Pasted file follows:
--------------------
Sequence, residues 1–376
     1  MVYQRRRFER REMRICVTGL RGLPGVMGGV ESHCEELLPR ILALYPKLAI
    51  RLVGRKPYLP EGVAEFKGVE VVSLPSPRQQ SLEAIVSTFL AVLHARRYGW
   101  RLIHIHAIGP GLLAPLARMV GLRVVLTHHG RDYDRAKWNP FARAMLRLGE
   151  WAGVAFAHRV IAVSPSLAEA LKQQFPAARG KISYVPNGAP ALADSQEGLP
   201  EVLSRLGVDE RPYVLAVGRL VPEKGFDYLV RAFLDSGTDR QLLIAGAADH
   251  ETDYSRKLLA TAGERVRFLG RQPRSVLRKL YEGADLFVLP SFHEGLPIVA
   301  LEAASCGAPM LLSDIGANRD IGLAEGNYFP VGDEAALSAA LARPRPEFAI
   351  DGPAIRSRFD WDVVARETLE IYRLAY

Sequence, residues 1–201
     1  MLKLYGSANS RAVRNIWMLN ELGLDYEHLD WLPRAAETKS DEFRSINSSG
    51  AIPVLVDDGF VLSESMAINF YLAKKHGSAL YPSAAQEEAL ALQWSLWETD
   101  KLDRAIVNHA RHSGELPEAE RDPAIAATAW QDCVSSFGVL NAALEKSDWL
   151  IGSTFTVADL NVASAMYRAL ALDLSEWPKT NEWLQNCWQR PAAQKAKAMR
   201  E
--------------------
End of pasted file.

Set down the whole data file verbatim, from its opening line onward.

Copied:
Sequence, residues 1–376
     1  MVYQRRRFER REMRICVTGL RGLPGVMGGV ESHCEELLPR ILALYPKLAI
    51  RLVGRKPYLP EGVAEFKGVE VVSLPSPRQQ SLEAIVSTFL AVLHARRYGW
   101  RLIHIHAIGP GLLAPLARMV GLRVVLTHHG RDYDRAKWNP FARAMLRLGE
   151  WAGVAFAHRV IAVSPSLAEA LKQQFPAARG KISYVPNGAP ALADSQEGLP
   201  EVLSRLGVDE RPYVLAVGRL VPEKGFDYLV RAFLDSGTDR QLLIAGAADH
   251  ETDYSRKLLA TAGERVRFLG RQPRSVLRKL YEGADLFVLP SFHEGLPIVA
   301  LEAASCGAPM LLSDIGANRD IGLAEGNYFP VGDEAALSAA LARPRPEFAI
   351  DGPAIRSRFD WDVVARETLE IYRLAY

Sequence, residues 1–201
     1  MLKLYGSANS RAVRNIWMLN ELGLDYEHLD WLPRAAETKS DEFRSINSSG
    51  AIPVLVDDGF VLSESMAINF YLAKKHGSAL YPSAAQEEAL ALQWSLWETD
   101  KLDRAIVNHA RHSGELPEAE RDPAIAATAW QDCVSSFGVL NAALEKSDWL
   151  IGSTFTVADL NVASAMYRAL ALDLSEWPKT NEWLQNCWQR PAAQKAKAMR
   201  E